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Severe dermal edema; superficial and deep lymphocytic and monocytic (CD3+,CD4+,CD8+,CD79a-, CD20-) perivascular accentuated infiltrates.

Direct Immunofluorescence
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IgM and C3 at the dermo-epidermal junction zone. Also diffuse interstitial deposits of IgA, IgG and C3. Peri-vascular C3 and C4 deposits are possible.

Differential diagnosis
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Familial Mediterranean fever: Predominantly Mediterranean populations; recurrent febrile episodes (in 96% of patients) of irregular periodicity.) of irregular periodicity, usually accompanied by acute peritonitis (91%), frequently also pleuritis (57%), arthritis or sacroiliitis (45%), and a transient, erysipelas-like, macular exanthema 10-15 cm in diameter with pruritus, occurring unilaterally or bilaterally, mainly below the knee (13%). 2% of patients develop amyloidosis. In phenotype 2: amyloidosis as the first manifestation.

Hyper-IgD syndrome: Massive onset of fever attacks without real periodicity. Duration of attacks about 5-7 days. Attacks are usually associated with cervical lymphadenopathy, abdominal and joint pain and maculo-papular exanthema. IgD elevated!

Chronic spontaneous urticaria: recurrent exanthema with pruritus; but not feverish! No systemic involvement such as lymphadenopathy, abdominal and joint pain!

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Non-steroidal anti-inflammatory drugs for mild episodes. Systemic glucocorticoids in severe inflammatory symptoms, including prompt improvement of symptoms. Good therapeutic successes (off-label use!) with Etanercept (Enbrel) 25 mg twice a week i.v. are described.

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  1. Bouroncle BA, Doan CA (1957) 'Periodic fever': occurrence in five generations. Am J Med 23: 502-506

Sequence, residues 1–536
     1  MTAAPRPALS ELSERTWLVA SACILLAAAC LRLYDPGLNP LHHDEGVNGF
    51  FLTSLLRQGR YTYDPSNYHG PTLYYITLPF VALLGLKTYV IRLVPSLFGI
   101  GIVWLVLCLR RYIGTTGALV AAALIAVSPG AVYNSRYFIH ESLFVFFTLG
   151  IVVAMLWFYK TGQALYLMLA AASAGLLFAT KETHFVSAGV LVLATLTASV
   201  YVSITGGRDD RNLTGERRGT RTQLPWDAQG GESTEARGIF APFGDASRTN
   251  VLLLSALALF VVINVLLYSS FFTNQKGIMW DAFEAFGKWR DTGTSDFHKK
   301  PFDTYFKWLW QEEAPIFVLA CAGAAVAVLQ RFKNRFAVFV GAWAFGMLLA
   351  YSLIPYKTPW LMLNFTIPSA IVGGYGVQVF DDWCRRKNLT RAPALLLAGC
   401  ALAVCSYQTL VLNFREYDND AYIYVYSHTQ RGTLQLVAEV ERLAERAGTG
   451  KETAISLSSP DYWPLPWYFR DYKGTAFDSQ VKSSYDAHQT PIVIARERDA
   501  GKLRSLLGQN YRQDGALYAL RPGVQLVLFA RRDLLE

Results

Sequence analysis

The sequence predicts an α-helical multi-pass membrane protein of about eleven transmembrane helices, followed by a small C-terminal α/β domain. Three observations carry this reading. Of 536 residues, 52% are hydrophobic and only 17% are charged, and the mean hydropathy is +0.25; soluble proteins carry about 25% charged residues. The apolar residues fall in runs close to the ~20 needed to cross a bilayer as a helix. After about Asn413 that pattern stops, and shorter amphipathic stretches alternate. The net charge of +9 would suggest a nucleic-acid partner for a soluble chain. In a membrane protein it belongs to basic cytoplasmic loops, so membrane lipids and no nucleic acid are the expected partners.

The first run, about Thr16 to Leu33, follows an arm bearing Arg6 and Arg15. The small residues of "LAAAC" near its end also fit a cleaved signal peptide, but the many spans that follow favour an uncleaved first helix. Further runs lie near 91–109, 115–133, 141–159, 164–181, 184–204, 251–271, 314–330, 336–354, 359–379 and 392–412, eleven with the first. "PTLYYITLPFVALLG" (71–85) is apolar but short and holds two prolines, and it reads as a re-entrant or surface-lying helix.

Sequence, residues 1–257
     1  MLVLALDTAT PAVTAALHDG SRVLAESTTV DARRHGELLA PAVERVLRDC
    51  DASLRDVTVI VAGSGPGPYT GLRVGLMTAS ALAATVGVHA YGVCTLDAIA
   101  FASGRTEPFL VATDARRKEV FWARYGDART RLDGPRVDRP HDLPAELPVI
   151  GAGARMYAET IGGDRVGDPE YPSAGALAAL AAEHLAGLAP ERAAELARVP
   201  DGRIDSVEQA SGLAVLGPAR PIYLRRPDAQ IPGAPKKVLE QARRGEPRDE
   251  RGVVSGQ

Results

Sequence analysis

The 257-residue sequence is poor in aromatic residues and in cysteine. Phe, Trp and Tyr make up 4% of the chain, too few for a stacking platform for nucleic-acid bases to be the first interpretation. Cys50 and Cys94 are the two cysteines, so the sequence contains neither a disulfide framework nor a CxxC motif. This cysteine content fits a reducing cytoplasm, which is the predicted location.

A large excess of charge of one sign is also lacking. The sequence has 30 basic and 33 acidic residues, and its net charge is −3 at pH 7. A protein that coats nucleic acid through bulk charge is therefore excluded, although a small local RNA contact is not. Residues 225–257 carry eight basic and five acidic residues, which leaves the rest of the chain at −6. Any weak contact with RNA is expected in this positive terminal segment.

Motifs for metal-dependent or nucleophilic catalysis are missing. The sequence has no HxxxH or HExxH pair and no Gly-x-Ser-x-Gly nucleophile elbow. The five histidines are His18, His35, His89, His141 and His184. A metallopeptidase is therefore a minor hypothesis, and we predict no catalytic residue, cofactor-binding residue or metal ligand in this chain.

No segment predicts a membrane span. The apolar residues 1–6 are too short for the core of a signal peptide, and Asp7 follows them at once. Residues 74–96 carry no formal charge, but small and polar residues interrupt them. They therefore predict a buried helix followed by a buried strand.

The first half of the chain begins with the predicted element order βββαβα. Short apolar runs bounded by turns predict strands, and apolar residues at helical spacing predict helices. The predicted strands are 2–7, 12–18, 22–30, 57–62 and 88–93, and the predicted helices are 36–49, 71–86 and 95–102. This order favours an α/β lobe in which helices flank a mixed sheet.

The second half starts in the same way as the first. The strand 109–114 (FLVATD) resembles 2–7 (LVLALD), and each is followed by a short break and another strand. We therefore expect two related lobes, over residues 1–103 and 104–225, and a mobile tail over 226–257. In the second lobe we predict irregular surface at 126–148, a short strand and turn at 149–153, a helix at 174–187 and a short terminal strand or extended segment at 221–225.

2. Drenth JPH, van der Meer JWM (2001) Hereditary periodic fever. New Eng J Med 345: 1748-1757
  3. Kusuhara K et al. (2004) Tumor necrosis factor receptor-associated periodic syndrome with a novel mutation in the TNFRSF1Agene in a Japanese family. Eur J Pediatr 163: 30-32
  4. Romano M et al. (2022) The 2021 EULAR/American College of Rheumatology points to consider for diagnosis, management and monitoring of the interleukin-1 mediated autoinflammatory diseases: cryopyrin-associated periodic syndromes, tumor necrosis factor receptor-associated periodic syndrome, mevalonate kinase deficiency, and deficiency of the interleukin-1 receptor antagonist. Ann Rheum Dis 81:907-921.
  5. Schmaltz R et al. (2010) Skin manifestations in tumor necrosis factor receptor-associated periodic syndrome (TRAPS). Dermatoendocrinol 2:26-29.
  6. Steiner JD et al. (2023) A novel TNFRSF1A mutation associated with TNF-receptor-associated periodic syndrome and its metabolic signature. Rheumatology (Oxford) 62:3459-3468.
  7. Takada K et al. (2003) Favorable preliminary experience with etanercept in two patients with the hyperimmunoglobulinemia D and periodic fever syndrome. Arthritis Rheum 48: 2645-2651
  8. Toro JR (2000) Tumor Necrosis Factor Receptor-Associated Periodic Syndrome. Arch Dermatol 136: 1487-1494
  9. Williamson LM, Hull D, Mehta R, Reeves WG, Robinson BHB, Toghill PJ (1982) Familial hibernian fever. Quart J Med 51: 469-480


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Last updated on: 10.12.2023